Why you generally do need it is the above isn't true, and microcode has to be loaded at the hypervisor level for everyone or for no one
This is quite common in the engineering/research sectors, which love clusters. Think Sandia, oak ridge, etc. I also personally know of several private companies with research clusters. I'm curious how common hpcs are outside of the research community, because honestly I'm struggling to think of a practical need for one.
The real question is do you trust any potential co-tenants in a public cloud that share a hypervisor with you, when said hypervisor does NOT have Spectre/Meltdown fixes applied? (There is only one correct answer...)
Also you can fairly easily mitigate this in a public cloud setting by running your VM on a dedicated hypervisor. AWS calls these "EC2 Dedicated Instances". Interestingly enough for most compute sizes the cost different is negligable. I imagine that isn't the case everywhere / for-everything, but if you A) need pre-Spectre/Meltdown perf and B) need protection against co-tenancy attacks, paying a few more dollars for a dedicated hypervisor host seems like a no-brainer to me.
noibrs - We don't need no restricted indirect branch speculation
noibpb - We don't need no indirect branch prediction barrier either
nospectre_v1 and nospectre_v2: Don't care if some program can get data from some other program when it shouldn't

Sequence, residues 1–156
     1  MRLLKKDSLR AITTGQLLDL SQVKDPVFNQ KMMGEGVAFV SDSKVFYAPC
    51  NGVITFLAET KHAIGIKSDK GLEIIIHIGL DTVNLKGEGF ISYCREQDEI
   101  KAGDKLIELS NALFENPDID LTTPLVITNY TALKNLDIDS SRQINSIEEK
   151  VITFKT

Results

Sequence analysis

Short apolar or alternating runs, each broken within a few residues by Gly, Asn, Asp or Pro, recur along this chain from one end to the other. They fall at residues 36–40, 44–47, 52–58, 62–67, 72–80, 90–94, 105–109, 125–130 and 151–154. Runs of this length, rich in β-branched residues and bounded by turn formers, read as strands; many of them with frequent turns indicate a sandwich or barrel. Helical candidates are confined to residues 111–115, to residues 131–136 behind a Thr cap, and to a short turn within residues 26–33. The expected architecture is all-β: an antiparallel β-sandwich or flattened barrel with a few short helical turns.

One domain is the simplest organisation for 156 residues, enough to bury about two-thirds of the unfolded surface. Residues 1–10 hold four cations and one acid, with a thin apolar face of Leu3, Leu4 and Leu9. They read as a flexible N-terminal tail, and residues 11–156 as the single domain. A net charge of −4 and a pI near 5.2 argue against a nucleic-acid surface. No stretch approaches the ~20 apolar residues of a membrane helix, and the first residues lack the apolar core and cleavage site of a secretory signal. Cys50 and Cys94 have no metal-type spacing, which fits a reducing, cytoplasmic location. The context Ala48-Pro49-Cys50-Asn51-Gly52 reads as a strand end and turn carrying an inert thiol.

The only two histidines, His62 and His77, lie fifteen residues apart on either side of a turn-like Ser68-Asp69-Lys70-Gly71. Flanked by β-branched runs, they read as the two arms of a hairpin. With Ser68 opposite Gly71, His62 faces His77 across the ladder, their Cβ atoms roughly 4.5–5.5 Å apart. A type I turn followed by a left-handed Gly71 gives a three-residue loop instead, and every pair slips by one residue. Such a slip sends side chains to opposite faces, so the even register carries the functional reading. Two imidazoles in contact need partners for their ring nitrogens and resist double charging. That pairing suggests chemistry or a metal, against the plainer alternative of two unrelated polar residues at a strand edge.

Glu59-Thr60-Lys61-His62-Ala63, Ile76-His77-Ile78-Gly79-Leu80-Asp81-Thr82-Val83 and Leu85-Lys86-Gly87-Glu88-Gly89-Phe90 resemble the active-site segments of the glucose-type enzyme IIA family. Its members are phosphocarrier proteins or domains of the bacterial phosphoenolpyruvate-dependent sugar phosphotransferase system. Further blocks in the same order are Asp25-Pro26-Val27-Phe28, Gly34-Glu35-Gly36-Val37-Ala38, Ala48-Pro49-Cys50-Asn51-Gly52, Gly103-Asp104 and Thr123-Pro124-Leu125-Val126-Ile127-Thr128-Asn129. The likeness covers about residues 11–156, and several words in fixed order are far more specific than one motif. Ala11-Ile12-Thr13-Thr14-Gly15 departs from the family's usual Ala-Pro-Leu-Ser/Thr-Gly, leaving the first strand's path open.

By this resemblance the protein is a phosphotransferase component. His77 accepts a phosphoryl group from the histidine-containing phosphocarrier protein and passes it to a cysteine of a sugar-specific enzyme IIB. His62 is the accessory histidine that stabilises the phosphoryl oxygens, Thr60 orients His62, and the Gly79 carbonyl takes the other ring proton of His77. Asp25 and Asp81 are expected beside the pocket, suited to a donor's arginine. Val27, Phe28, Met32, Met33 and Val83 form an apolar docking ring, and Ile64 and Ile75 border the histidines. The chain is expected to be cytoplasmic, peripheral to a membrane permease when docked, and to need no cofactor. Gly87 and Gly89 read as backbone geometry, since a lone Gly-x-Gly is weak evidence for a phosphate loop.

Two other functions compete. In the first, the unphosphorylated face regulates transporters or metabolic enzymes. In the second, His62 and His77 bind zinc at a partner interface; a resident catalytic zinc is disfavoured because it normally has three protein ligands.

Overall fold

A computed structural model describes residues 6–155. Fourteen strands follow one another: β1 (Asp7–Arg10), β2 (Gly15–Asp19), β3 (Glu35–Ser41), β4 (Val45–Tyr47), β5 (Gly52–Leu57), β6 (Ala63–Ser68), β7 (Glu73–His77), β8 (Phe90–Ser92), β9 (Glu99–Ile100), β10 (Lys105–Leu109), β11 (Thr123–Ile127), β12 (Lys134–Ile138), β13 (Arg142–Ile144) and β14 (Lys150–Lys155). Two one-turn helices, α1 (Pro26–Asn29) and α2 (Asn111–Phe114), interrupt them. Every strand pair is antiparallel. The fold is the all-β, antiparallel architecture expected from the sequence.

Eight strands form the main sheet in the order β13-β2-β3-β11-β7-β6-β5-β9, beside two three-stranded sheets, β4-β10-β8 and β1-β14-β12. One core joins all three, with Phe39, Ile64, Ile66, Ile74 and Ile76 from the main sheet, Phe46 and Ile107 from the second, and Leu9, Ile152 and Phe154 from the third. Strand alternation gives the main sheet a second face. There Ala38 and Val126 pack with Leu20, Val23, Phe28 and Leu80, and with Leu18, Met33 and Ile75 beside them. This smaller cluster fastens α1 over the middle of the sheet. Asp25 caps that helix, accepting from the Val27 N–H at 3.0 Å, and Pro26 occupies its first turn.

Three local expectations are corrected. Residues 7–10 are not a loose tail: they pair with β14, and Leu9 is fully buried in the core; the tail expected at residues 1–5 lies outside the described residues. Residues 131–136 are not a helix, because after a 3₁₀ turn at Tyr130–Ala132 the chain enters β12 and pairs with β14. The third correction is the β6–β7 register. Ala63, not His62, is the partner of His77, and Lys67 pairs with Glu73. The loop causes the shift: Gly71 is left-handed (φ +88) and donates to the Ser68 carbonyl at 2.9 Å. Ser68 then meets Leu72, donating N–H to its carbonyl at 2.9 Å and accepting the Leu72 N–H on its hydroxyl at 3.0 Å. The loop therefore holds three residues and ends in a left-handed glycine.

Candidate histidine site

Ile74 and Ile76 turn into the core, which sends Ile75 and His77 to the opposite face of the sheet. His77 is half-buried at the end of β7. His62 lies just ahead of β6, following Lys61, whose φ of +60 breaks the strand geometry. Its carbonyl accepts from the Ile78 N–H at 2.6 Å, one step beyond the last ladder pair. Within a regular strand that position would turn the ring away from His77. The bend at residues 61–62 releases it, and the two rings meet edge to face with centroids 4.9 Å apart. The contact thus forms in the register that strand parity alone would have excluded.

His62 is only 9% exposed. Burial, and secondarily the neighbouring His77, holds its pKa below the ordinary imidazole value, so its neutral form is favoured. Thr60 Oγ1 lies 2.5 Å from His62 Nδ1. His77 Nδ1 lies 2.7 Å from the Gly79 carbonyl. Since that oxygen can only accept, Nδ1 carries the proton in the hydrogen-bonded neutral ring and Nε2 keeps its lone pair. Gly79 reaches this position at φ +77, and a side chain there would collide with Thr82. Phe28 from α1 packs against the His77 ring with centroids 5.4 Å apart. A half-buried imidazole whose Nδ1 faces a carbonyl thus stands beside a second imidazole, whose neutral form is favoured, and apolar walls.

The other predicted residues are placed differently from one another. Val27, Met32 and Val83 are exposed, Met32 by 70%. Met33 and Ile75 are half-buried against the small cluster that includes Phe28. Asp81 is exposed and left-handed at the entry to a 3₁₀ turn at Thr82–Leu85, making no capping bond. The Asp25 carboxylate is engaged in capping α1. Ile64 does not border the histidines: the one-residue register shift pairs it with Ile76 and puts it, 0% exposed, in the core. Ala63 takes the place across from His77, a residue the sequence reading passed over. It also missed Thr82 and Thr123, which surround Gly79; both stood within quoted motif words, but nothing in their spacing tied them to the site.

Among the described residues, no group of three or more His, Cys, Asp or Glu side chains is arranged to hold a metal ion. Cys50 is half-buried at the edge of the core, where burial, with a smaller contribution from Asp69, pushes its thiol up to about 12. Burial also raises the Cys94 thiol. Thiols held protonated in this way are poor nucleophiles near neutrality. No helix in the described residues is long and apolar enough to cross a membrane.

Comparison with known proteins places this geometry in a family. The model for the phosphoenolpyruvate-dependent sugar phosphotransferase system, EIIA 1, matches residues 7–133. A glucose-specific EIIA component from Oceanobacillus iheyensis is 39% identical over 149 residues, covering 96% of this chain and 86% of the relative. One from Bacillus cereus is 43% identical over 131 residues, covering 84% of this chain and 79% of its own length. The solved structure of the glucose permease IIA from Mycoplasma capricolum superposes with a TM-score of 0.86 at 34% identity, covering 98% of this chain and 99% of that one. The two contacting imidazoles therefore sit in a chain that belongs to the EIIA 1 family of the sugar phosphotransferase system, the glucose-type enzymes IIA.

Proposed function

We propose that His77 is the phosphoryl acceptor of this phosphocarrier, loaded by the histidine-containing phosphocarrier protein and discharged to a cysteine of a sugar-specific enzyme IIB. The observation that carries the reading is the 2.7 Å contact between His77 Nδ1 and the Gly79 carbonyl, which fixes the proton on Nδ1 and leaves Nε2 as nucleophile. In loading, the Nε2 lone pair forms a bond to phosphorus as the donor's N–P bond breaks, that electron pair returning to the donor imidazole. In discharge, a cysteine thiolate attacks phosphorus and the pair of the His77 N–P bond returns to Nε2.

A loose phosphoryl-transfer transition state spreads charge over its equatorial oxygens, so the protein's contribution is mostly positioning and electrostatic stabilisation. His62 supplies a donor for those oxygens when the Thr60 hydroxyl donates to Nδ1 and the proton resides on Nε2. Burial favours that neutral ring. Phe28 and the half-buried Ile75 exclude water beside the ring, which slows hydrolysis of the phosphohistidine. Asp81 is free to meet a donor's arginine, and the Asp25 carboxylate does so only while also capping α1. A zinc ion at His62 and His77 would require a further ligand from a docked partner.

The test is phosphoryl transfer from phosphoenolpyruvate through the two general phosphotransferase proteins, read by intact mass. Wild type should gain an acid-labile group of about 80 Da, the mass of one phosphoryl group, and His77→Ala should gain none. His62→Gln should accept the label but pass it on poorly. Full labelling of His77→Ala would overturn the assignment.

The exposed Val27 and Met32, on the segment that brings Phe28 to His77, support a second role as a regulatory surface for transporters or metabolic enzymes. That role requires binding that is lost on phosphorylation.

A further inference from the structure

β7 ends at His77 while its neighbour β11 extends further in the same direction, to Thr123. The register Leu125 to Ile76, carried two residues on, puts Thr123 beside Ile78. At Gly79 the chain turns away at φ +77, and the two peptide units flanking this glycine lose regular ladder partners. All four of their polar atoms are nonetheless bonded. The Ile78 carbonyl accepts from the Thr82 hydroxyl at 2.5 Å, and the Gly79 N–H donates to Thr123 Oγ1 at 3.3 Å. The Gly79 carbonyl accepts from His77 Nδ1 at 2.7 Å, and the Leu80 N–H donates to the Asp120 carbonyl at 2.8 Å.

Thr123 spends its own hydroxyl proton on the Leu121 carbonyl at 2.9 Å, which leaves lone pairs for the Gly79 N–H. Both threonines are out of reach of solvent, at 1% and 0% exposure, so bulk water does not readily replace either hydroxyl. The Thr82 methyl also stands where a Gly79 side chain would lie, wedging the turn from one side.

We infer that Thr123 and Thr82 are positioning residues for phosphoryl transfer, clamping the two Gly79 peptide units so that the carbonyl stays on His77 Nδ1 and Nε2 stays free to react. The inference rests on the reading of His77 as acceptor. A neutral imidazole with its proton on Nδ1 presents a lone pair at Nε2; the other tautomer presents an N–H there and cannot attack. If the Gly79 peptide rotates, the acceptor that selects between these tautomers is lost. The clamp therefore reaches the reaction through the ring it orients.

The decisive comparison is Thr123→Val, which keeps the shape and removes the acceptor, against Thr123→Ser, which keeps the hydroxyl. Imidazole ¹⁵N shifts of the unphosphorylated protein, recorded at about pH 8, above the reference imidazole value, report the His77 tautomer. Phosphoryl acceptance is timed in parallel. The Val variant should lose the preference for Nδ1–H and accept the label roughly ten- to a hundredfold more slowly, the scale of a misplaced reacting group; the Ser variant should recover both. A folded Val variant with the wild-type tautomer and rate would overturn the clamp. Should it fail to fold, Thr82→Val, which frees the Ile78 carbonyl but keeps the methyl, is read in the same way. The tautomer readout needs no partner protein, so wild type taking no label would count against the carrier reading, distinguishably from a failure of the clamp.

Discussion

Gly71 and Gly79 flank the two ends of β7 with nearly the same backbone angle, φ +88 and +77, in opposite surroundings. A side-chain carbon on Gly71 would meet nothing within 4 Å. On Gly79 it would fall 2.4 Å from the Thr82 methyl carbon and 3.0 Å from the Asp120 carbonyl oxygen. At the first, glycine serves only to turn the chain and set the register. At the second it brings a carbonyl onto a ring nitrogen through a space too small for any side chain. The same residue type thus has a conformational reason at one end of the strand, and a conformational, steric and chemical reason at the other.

l1tf=off - Why would we be flushing the L1 cache, we might need that data. So what if anyone can get at it.
nospec_store_bypass_disable - Of course we want to use, not bypass, the stored data
no_stf_barrier - We don't need no barriers between software, they could be friends
mds=off - Zombieload attacks are fine
mitigations=off - Of course we don't want no mitigations
The article context is HPC - it seems very unlikely Spectre/Meltdown fixes are needed for HPC loads (no browser, no VM sharing).
If your server is not reachable from untrusted sources, and you are running only what you trust, it is prudent to disable mitigation’s and make use of the extra performance.
Example, I run many compute nodes (only private network) in my HPC cluster with mitigation’s off. If an attacker could reach the compute nodes over the network to push the attack payload, I’ve already been heavily compromised that these attacks are just insult to the injury.
If you run a database server that can never be reached directly by an attacker. You may spend your time watching your application server and let the DB server use the extra oomph.
Naturally, everyone must determine their level of risk aversion and take the steps they feel most prudent. I've not heard this perspective before. Thank you for sharing!
Microsoft has deployed mitigations across all our cloud services.
You're right about that...